Flu activity remains elevated, pediatric deaths near 100: 5 things to know

The CDC reported 13 new influenza-related pediatric deaths Friday, increasing the total number of such deaths to 97 for the 2017-18 flu season.

Here are five things to know.

1. The percentage of outpatient visits for influenza-like illness was 6.4 percent for the week ending Feb. 17, which sits above the national baseline of 2.2 percent, but marks a decline in flu-related illness from the week prior.

"[Influenza-like-illness] dropped from 7.4 percent last week to 6.4 percent, but remains higher than the peak of flu activity observed during many seasons," said the CDC in a summary of its most recent FluView update. "Flu activity is likely to remain elevated for several more weeks."

2. The overall hospitalization rate was 74.5 per 100,000 population for the week ending Feb. 10, marking an increase from the 67.9 per 100,000 rate reported last week. The CDC tallied 21,279 laboratory-confirmed flu-associated hospitalizations from Oct. 1, 2017, through Feb. 17, 2018.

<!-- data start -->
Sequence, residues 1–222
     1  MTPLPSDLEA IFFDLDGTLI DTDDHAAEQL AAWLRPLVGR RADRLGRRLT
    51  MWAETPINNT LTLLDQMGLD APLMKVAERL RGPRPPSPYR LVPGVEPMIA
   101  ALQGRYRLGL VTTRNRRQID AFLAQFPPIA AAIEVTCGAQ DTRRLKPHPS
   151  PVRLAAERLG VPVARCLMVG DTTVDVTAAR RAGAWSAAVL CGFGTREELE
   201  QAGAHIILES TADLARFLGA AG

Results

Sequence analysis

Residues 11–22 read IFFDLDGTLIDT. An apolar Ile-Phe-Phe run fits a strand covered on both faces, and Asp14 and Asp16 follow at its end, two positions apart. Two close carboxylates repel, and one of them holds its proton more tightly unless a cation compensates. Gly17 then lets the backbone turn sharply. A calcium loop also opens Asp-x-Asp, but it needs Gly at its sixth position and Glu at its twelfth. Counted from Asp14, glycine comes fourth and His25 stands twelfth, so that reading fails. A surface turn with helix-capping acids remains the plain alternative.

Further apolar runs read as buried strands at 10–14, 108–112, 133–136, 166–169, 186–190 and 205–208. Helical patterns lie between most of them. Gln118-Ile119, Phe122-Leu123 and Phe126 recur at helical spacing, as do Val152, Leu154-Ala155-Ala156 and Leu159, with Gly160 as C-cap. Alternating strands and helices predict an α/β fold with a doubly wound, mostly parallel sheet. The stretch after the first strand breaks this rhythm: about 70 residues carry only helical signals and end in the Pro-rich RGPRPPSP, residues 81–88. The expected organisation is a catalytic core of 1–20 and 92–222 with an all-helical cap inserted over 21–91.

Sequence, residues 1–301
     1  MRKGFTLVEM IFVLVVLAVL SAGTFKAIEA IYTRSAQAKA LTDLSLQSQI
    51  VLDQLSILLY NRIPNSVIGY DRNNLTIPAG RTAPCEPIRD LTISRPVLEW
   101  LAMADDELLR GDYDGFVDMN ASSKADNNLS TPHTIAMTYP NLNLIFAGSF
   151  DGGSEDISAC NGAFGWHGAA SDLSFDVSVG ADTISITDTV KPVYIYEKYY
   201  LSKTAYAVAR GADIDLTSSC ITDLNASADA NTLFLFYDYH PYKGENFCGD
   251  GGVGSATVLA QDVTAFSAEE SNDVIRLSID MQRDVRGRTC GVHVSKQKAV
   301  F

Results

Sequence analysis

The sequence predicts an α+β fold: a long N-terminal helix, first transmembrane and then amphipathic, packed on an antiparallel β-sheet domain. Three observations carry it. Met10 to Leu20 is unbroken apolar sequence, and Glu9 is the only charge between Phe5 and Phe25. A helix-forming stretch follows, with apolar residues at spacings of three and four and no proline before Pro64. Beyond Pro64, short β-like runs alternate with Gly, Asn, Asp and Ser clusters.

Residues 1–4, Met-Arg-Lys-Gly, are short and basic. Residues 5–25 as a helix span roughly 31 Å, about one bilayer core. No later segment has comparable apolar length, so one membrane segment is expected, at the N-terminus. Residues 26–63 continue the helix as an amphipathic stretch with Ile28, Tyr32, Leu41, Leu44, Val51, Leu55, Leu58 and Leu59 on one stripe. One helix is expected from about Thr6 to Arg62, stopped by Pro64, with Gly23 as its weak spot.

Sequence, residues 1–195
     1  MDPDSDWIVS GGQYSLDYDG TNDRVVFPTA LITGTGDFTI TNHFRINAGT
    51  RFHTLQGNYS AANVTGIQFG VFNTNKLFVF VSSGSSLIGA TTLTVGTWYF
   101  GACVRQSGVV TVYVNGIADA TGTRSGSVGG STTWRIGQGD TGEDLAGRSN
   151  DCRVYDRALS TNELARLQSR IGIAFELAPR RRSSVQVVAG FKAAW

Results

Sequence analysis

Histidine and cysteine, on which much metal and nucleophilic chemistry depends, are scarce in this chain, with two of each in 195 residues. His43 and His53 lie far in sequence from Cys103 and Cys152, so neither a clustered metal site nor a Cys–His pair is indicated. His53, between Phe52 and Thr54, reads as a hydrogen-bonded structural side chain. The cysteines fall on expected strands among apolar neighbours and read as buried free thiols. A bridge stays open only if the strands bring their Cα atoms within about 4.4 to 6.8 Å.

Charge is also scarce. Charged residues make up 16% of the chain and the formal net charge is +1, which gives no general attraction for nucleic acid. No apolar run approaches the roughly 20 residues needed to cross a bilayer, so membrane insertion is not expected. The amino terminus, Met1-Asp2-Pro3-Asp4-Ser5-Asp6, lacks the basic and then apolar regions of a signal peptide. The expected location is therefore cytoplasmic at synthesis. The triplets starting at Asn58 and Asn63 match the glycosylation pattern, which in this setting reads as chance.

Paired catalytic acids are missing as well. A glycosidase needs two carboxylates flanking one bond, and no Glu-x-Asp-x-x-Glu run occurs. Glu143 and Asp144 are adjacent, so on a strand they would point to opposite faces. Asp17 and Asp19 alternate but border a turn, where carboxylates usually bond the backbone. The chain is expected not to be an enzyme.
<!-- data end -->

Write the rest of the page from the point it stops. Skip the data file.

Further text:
3. Forty-eight U.S. states and Puerto Rico reported widespread flu activity for the week ending Feb. 17. Oregon, Hawaii, Washington, D.C., and Guam reported regional flu activity; and the U.S. Virgin Islands reported no flu activity for the week.

4. The most frequently identified virus type in positive specimens continued to be influenza A. A majority of these cases — 86.9 percent — were attributable to the H3N2 strain, which is known to cause more severe illnesses in the elderly and young children. In total, the CDC has identified 161,129 positive influenza A and B specimens for the 2017-18 flu season.

5. Among the 97 pediatric flu deaths reported so far this flu season, 7.2 percent occurred in children under five months old, 14 percent occurred in children ages 6 to 23 months, 17.5 percent occurred in children ages 2 to 4 years, 34 percent occurred in children ages 5 to 11 years and 26.8 percent occurred in children ages 12 to 17 years.

More articles on infection control: 
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Carbon monoxide improves antibiotic efficacy, study finds 
Flu vaccine during pregnancy not linked to infant hospitalizations: 5 things to know

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